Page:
Police continue search for sailboat captain that fell overboard near Vormsi ({{contentCtrl.commentsTotal}})

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PPA helicopter. Photo is illustrative.
PPA helicopter. Photo is illustrative. Source: PPA

Just before 1 p.m. on Thursday, a sailboat captain not wearing a lifejacket fell overboard near the Savinov Shallows just northeast of the Western Estonian island of Vormsi. The Police and Border Guard Board (PPA) relaunched search efforts on Friday after failing to find the man on Thursday.

An emergency call was placed at approximately 12:50 p.m. regarding an Estonian sailboat en route from Dirham to Haapsalu from which a 32-year-old man fell overboard and could not be found. The call was placed by another man aboard the sailboat, aged 28. Both men are Estonian citizens.

"He told Sea Rescue that he saw the fall out of the corner of his eye, could not see the man in the water, and was attempting to drop the sail," said Marge Kohtla, head of the PPA's Maritime Safety Unit. "He also said that the man to fall overboard, who was also captain of the sailboat, was not wearing a lifejacket."

According to Kohtla, the caller was unable to indicate the exact coordinates of the vessel at the time.

"Thankfully we were able to determine the location of the sailboat using radar as well as mobile positioning," she added.

The PPA's Kindral Kurvits, which was located nearby and had been aware of the sailboat in the area, was the first to respond to the call and begin search operations.

"At approximately 1:19 p.m., Kärdla sea rescuers arrived at the scene aboard the motorboat Kessu, and a helicopter began searching the area at around 1:30 p.m. as well," Kohtla said.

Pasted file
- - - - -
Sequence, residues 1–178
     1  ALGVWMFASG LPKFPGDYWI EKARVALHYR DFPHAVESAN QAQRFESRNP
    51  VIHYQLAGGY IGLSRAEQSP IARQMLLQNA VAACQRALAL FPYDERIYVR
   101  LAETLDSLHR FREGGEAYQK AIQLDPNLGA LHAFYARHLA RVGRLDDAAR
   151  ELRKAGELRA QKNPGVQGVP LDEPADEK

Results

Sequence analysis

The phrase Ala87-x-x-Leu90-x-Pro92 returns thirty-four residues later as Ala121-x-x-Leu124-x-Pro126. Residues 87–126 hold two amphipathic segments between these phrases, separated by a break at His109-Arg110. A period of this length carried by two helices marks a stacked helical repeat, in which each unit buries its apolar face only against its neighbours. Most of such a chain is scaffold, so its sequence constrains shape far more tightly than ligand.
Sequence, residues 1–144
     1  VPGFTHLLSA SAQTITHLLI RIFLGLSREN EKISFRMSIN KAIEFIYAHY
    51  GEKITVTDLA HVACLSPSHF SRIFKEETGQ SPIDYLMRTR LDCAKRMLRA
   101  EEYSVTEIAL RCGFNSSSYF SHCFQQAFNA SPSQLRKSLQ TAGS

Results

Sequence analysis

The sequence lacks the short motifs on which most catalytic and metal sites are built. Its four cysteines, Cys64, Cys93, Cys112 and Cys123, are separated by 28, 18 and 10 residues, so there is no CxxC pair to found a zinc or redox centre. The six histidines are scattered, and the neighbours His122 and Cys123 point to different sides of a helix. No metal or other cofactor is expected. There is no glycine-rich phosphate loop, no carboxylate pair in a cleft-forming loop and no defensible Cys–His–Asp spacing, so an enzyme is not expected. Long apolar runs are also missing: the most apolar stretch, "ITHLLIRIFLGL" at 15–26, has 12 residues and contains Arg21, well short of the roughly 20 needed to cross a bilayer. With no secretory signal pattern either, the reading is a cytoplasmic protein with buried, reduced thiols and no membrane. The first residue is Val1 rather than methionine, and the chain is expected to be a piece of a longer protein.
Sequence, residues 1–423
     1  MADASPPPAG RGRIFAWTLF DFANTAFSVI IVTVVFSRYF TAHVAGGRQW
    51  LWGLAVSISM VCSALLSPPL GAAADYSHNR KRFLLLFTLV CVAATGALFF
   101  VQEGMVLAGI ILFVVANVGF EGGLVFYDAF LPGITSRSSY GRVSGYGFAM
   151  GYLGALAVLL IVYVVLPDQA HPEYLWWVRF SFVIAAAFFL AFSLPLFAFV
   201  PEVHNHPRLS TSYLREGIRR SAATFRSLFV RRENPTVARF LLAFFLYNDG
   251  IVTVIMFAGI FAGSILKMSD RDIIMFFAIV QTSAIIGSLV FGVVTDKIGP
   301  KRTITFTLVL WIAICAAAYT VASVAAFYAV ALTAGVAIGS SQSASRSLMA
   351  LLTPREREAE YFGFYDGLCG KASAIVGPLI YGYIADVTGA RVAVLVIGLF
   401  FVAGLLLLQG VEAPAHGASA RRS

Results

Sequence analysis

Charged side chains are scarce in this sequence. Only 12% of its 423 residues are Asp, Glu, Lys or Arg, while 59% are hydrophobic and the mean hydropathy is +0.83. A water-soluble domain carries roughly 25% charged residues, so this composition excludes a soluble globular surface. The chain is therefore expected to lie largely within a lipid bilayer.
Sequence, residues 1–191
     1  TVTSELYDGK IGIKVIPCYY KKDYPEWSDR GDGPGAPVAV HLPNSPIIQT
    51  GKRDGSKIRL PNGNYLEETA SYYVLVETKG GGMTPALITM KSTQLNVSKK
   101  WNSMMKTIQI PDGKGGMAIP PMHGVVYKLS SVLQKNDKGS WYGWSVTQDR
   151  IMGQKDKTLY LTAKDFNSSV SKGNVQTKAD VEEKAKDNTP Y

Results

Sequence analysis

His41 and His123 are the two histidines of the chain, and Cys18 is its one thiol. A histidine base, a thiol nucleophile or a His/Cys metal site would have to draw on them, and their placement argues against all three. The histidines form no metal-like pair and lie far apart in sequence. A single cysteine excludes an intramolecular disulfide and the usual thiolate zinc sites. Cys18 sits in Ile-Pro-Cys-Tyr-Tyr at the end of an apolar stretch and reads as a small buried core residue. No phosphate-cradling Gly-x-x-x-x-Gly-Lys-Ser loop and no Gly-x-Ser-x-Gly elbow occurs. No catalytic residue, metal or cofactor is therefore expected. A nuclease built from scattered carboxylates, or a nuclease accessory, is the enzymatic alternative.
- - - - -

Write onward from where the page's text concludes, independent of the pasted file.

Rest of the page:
According to the PPA official, search efforts in the area continued through evening, but active search efforts were called off at around 7 p.m. She added that it was unfortunately unlikely anymore that the man would be found alive.

"While it is summer, water temperatures in the area are approximately 15-16 degrees Celsius right now, and in such waters, someone is only likely to survive for about an hour in the water," she explained.

While it isn't required, Kohtla recommends always wearing a lifejacket when going out to sea. "It also makes it much easier to search for the person if they fall overboard, because the brightly-colored vest is highly visible," she added.

While at sea, she continued, it is important to constantly keep watch and, among other things, keep track of the vessel's location. "Knowing one's location at sea is critical in an emergency situation so that help can come as quickly as possible," Kohtla said. "In addition to the captain, there should always be at least one other passenger aboard the vessel who knows how to pilot the watercraft, navigate and knows general safety skills."

Police officers helped anchor the boat and later tow it to harbor in Haapsalu at around 5 p.m. The man to place the emergency call did not need medical attention.

At the time of the incident, visibility at sea was good, with fairly strong winds out of the west and wave heights of approximately 1.5 meters.

Search efforts remain underway involving the Kindral Kurvits and a PPA aircraft.

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Editor: Aili Vahtla

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